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hold it. Still, it's more work that simulates an opponent. You still have to throw your punches straight and hard at the bag. You still have to keep your chin down, your hands up, and your eyes on your opponent, and stay on balance. The advantage that it has over hand pads is that it provides more resistance . It's like hitting a small heavy bag, in the ring, at precise spots. Like almost everything else here, it works both your conditioning and your mechanics at the same time. The other way to work the medicine ball is from the old school. This is the way Joe Louis and Rocky Marciano and Henry Armstrong and Sandy Saddler and all the other old-timers did it. Some trainers today will tell you it's wrong, that it doesn't do anything to condition your body, but they're wrong. Those old-timers were tough and in shape, and the medicine ball helped get them there. It's the way I did it, too. But it's not something you do all the time unless you've got a fight coming up soon. You work the medicine ball right and you'll be the tougher guy in the ring on fight night. The exercises you do with the medicine ball are designed to tighten and strengthen your abdominal muscles and the muscles in your trunk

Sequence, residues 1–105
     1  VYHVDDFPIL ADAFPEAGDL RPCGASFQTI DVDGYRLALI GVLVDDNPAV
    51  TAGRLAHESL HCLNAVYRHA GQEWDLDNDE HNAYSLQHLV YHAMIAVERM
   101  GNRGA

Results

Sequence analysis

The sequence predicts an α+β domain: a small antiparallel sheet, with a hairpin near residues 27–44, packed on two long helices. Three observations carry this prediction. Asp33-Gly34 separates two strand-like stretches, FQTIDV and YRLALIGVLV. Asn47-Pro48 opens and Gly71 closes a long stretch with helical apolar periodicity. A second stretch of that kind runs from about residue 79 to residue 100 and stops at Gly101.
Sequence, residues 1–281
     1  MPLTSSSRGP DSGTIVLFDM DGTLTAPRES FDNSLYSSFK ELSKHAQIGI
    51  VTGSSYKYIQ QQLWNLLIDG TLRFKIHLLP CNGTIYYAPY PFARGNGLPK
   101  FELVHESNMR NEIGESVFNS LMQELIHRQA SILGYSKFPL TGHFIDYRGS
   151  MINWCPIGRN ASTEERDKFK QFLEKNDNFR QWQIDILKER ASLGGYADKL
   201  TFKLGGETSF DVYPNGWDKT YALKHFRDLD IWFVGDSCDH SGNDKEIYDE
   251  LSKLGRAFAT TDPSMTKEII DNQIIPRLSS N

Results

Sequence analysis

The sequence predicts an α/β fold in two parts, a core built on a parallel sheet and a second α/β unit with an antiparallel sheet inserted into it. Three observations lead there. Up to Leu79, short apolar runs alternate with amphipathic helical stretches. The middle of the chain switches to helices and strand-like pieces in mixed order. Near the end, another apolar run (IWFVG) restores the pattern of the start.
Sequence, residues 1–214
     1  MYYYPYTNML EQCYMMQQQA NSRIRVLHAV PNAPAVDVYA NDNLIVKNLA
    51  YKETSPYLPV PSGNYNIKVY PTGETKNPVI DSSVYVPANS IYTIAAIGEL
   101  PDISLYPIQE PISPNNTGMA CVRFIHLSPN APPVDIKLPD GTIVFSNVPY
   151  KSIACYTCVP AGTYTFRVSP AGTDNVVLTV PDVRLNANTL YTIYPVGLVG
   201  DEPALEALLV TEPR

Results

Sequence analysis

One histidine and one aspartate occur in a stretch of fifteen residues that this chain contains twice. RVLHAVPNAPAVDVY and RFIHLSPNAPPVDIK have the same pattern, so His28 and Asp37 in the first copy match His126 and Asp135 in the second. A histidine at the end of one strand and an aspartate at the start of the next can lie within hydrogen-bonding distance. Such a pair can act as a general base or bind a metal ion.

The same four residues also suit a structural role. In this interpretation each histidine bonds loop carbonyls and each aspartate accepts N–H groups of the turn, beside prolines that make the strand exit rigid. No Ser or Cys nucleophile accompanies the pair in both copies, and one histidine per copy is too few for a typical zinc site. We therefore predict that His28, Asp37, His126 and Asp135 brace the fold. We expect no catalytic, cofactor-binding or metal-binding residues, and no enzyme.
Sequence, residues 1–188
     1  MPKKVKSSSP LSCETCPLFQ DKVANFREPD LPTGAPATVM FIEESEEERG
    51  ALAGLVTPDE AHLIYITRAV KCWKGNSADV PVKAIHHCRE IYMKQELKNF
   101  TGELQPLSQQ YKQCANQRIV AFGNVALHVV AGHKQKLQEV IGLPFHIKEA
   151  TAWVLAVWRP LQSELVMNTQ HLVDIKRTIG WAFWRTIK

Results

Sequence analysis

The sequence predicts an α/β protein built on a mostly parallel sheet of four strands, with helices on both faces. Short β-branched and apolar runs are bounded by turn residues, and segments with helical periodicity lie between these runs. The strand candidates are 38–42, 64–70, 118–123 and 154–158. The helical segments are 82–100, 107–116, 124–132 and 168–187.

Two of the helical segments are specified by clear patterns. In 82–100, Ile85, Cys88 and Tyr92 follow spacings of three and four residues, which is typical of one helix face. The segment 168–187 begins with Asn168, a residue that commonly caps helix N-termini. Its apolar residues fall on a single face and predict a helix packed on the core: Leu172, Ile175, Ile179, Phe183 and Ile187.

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and upper body. Each exercise targets a specific area. To strengthen the front abs, lie on your back while your trainer drops the ball right onto your stomach. When it hits, you contract your muscles. That's what makes the muscles stronger. To strengthen the sides, your trainer
will throw the ball against them. Watch what it does to get rid of your

love handles. Lying on your back and throwing the ball up to your trainer or gym mate strengthens all the muscles in your upper body. And there's no better way to get a rock-hard stomach than to lie on your back and lift the ball with your legs.

JUMP ROPE: 5 TO 15 MINUTES
This is the only exercise you do straight through, without taking breaks between rounds. In the beginning, do a straight five minutes; as your conditioning improves, work your way up to 15 minutes straight. As with running, you want to get your heart rate up and keep it there .

No single exercise works more muscles than jumping rope.